Steve Fejfar watched as one of his teammates circled the bases after hitting a towering home run off the scoreboard in right center field.
Fejfar turned to another Elk Point Colt 45s teammate sitting next to him in the dugout and said, “He did not just do that, did he?”
This wasn’t just any home run, however.
It came off the bat of his son, Preston.
“I ran out to home plate right away,” Steve said Monday.
Steve, an amateur baseball veteran, wasn’t about to let his son completely steal the show during Sunday’s State Line League doubleheader between Elk Point and Larchwood (Iowa) in Elk Point.
Instead, they ensured it was a truly special day for the Fejfar family.
After 20-year-old Preston homered in the first game of the doubleheader, 53-year-old Steve did the same in the second game.
It’s likely not the first time that’s ever happened — father and son homering in the same game, or even on the same day — in the long history of the South Dakota Amateur Baseball Association, but it certainly qualifies as rare.
“It’s pretty special to be able to play together, let alone hit one on the same day,” Preston said Monday.
That’s what made Sunday particularly memorable for the father and son tandem.
“I don’t remember my first one (in 1986), but I’ll always remember his,” said Steve, who has played amateur baseball for three decades.
Preston, who joked that he’ll always be able to proudly say that his home run came before his father’s, said he immediately thought of his father as he rounded the bases after hitting the ball off the scoreboard.
“When I got to second base, I thought about how my dad always hit home runs,” Preston said. “That was when it became real.”
Although Preston said he tried to hold back a smile, he couldn’t keep it inside any longer once he finally saw his father near home plate.
“When I finally saw him, I couldn’t stop smiling,” Preston said.
Not only was the home run the first of Preston’s young amateur career (this is his first season as a full-time player), it came at a critical point in Sunday’s first game against Larchwood.
Elk Point held a narrow 3-1 lead at that point in the game, and Preston’s three-run shot padded the lead — the Colt 45s eventually secured a 6-2 victory. Preston also contributed a double and a single in the win.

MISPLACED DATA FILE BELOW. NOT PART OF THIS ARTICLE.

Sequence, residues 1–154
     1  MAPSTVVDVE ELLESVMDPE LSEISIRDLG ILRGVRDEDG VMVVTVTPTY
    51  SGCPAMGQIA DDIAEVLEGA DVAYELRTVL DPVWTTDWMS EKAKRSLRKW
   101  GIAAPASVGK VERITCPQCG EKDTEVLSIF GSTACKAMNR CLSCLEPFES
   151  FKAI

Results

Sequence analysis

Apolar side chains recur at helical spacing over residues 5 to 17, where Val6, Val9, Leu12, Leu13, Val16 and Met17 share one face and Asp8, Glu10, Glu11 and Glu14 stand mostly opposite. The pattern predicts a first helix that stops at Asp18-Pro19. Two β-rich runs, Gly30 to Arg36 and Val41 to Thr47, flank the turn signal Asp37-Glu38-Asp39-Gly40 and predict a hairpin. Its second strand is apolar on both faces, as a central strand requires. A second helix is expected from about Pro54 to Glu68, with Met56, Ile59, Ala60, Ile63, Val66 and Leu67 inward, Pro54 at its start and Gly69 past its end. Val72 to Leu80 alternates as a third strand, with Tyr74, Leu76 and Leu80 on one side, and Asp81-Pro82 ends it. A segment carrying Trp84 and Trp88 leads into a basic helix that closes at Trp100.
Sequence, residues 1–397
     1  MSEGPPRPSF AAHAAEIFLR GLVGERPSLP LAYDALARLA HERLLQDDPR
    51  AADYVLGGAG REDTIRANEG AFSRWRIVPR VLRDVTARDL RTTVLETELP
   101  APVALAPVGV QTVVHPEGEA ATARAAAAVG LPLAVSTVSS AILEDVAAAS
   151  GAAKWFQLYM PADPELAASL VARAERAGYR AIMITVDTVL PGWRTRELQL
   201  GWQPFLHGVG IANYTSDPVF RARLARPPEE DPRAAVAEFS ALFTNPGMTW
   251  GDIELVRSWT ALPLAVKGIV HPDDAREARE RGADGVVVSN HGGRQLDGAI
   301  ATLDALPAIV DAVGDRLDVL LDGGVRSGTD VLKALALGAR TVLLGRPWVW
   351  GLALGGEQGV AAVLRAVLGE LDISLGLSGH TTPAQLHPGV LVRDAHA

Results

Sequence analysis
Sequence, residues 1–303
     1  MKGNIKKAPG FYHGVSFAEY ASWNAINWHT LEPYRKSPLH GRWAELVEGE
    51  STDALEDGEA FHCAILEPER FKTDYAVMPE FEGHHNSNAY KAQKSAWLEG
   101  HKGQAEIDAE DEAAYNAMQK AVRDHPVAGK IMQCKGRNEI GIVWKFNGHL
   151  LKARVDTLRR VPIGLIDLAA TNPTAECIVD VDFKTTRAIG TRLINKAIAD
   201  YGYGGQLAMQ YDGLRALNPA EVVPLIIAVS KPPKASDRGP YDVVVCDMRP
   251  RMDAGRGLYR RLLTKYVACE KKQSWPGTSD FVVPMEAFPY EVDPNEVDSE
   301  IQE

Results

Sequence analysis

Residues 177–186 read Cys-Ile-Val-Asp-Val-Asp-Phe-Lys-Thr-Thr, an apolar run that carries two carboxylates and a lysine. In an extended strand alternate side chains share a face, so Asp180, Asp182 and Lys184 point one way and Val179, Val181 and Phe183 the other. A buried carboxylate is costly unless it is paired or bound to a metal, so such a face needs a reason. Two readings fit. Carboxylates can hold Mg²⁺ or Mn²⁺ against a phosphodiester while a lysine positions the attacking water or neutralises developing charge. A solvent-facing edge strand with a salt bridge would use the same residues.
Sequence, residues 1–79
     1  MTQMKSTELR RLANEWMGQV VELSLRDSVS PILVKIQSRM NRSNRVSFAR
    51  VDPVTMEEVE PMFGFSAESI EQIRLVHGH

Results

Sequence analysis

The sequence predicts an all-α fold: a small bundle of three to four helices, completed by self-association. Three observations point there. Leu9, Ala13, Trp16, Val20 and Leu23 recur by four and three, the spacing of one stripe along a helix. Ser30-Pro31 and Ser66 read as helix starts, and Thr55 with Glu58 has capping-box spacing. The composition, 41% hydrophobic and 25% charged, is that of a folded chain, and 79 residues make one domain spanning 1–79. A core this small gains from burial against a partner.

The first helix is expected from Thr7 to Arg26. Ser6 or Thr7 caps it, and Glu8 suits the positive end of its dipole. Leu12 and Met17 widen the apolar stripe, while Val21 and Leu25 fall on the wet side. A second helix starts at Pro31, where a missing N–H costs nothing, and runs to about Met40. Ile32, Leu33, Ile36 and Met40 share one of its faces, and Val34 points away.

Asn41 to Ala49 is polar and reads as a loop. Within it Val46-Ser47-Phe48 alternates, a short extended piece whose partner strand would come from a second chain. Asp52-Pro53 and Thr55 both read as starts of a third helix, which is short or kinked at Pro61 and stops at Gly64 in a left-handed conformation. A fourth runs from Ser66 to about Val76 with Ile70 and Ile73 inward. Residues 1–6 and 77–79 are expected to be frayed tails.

“He was a big reason we won that one,” Steve said.
The excitement of the moment carried over into the next inning, according to Preston.
“That next inning after I hit mine, I was on third base thinking about it,” he said. “I thought about how cool it was to be able to hit one with my dad still there.”
Steve then wasted little time joining his son in the homer parade.
In the first inning of the second game, he homered down the left field line, but admitted that he didn’t realize the magnitude of the accomplishment until he was back in the dugout.
“I didn’t put two and two together until I got back in and guys were talking about it,” Steve said. “That’s when it hit me.”
It also didn’t take long for Preston to point out to his father that his home run went further.
“He’s right,” Steve joked. “Mine was like 305 feet down the line.”
While Preston continues to make the adjustment to amateur baseball, his father is one of the longest-tenured players in the state.
Steve, once a long-time member of the Tabor Bluebirds, retired after the 2012 season. He was then away from the sport for four years, but was called back to duty by friends with the Vermillion Grey Sox. Steve played for the Grey Sox in 2017 and 2018, and now has played for Elk Point for two years.
“There’s always the passion to play,” Steve said. “The fact that I can still play and can still catch is huge, too.
“If I couldn’t catch and had to (be the designated hitter), I don’t know that I’d have that same passion.”
The idea of playing alongside his son certainly had a rejuvenating effect, Steve added.
“It’s still fun to do, but getting to play with Preston is even better,” Steve said. “It’s a good feeling to see him out there, when you’ve watched him for play for years or coached him for a few years.”
The opportunity to play together isn’t something Preston ever takes for granted, he said.
“Every game, there’s always someone in the dugout who says how special this is, to be able to play with your dad,” Preston added.
If you and your father hitting a home run in the same game (or on the same day) is a bucket list item for a young baseball player, so too would be pitching to your father, according to Preston.
“Hopefully one of these games, I’ll be able to pitch to him,” he said. “I don’t know if we’d have the chance, but I would love that.”
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